Selinger, at a news conference Wednesday, declared his government wouldn't help anyone buy an NHL team, which is great, given that nobody has asked them to.

In other words, his first reaction was to say what he WOULDN'T do to bring NHL hockey to Winnipeg.

He failed to mention that his predecessor, Gary Doer, gave $40 million--thats FORTY MILLION DOLLARS---to millionaire Gail Asper for her pet project, the Canadian Museum for Human Rights, which has guaranteed her a lifetime of free travel and accomodations around the world at taxpayers' expense.

Come election day in October, nobody will be talking about the flood, and everybody will be buzzing about hockey.

Hugh McFadyen will be talking about the role of hope in the future of Manitoba and Manitobans.

The NDP will be talking how great the Seventies were and how we should relive them, with Hydro megaprojects creating the illusion of growth and investment, and high taxes spent on social workers and bigger government.

The NDP know they have only one hope--- a summer of increasingly dirty attack ads. brought to you by the dirtiest politician in Manitoba with nothing to lose.

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Sunday, May 15, 2011

The big con: Manitoba Hydro-style, according to the Hydro Whistleblower

We know, at last, why Manitoba Hydro launched its balls-to-the-wall, take-no-prisoners assault on Miss Whistle, their former consultant who filed a Whistleblower complaint over Hydro mismanagement.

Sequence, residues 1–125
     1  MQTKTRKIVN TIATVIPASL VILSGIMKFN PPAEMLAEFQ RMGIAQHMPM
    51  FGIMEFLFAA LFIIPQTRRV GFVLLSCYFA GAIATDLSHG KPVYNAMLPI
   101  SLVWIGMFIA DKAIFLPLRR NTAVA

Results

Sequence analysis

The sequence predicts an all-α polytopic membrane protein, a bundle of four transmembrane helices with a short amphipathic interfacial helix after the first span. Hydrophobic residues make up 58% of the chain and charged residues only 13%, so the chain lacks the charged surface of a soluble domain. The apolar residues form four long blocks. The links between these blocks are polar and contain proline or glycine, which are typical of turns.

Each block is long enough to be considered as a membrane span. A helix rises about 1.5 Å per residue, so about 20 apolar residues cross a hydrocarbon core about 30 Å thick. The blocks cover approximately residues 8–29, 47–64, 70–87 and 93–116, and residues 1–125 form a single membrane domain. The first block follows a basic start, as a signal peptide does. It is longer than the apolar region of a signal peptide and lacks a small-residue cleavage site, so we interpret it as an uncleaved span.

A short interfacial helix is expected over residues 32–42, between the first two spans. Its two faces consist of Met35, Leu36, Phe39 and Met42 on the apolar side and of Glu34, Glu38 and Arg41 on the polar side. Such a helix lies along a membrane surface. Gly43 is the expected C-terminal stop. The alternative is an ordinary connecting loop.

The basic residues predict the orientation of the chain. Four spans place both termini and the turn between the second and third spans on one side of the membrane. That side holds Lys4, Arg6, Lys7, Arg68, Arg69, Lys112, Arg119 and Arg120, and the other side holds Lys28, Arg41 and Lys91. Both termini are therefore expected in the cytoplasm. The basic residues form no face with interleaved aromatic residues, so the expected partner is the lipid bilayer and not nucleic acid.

The answer slipped out in the latest hearings of the Public Utilities Board into Hydro's risk management practices.
It turns out the Hydro Whistleblower...
* was standing up for the Manitoba ratepayer.
* said Manitobans were being overcharged
* said Hydro was deliberately overestimating the chance of a record drought in order to dupe the PUB into approving the higher-than-needed rates, and
*said Hydro could make more money with less risk without embarking on a decade-long spending orgy on new dams to fulfill long-term contracts to sell power to the U.S.
In short, she was saying everything Manitoba Hydro didn't want you to hear.
The PUB counsel was questioning Dr. Atif Kuburski, one of two economists from McMaster Unversity hired to look at Hydro's operations, including the allegations of the New York consultant.
DR. ATIF KUBURSI: I mean, she -- what she is really saying is that they are using the drought as a sort of a scare that would justify raising the rates and persuading the Board to acquiesce and pass higher rates to consumers. And that in the absence of the scare about the drought and the willingness to create a buffer zone or a buffer cushion against this, these rates might not be allowed. These rate increases may not be allowed. So this was their argument, is that they're using it a bit of a boogeyman and trying to scare the Board and the citizens of Manitoba to acquiesce to higher rates than would be necessary.